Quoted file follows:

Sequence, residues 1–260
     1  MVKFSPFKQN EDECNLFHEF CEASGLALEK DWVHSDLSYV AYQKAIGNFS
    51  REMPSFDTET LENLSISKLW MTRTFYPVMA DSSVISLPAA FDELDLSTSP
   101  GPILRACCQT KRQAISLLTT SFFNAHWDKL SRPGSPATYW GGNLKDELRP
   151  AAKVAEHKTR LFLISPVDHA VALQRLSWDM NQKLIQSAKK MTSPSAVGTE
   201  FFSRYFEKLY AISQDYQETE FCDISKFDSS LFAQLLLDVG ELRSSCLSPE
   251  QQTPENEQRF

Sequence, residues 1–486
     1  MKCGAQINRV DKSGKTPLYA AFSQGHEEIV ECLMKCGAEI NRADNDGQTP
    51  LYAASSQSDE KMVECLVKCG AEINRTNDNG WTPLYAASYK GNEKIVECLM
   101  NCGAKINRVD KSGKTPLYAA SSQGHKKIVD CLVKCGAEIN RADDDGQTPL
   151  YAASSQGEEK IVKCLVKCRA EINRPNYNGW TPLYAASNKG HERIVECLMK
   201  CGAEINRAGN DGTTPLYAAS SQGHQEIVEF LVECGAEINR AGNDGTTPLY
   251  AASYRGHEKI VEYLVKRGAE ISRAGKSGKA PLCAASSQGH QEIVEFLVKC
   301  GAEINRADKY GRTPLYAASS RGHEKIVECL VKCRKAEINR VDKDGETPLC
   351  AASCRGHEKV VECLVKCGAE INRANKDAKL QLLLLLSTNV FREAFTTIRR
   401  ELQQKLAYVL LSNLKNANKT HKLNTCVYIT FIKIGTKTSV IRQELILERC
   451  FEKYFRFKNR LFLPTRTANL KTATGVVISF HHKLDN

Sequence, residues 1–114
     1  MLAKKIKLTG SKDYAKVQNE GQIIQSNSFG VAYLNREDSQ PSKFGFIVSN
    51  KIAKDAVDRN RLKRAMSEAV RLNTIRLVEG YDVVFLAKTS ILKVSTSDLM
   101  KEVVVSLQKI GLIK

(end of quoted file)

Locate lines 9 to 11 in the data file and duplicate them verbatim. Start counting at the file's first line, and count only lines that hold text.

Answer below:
     1  MKCGAQINRV DKSGKTPLYA AFSQGHEEIV ECLMKCGAEI NRADNDGQTP
    51  LYAASSQSDE KMVECLVKCG AEINRTNDNG WTPLYAASYK GNEKIVECLM
   101  NCGAKINRVD KSGKTPLYAA SSQGHKKIVD CLVKCGAEIN RADDDGQTPL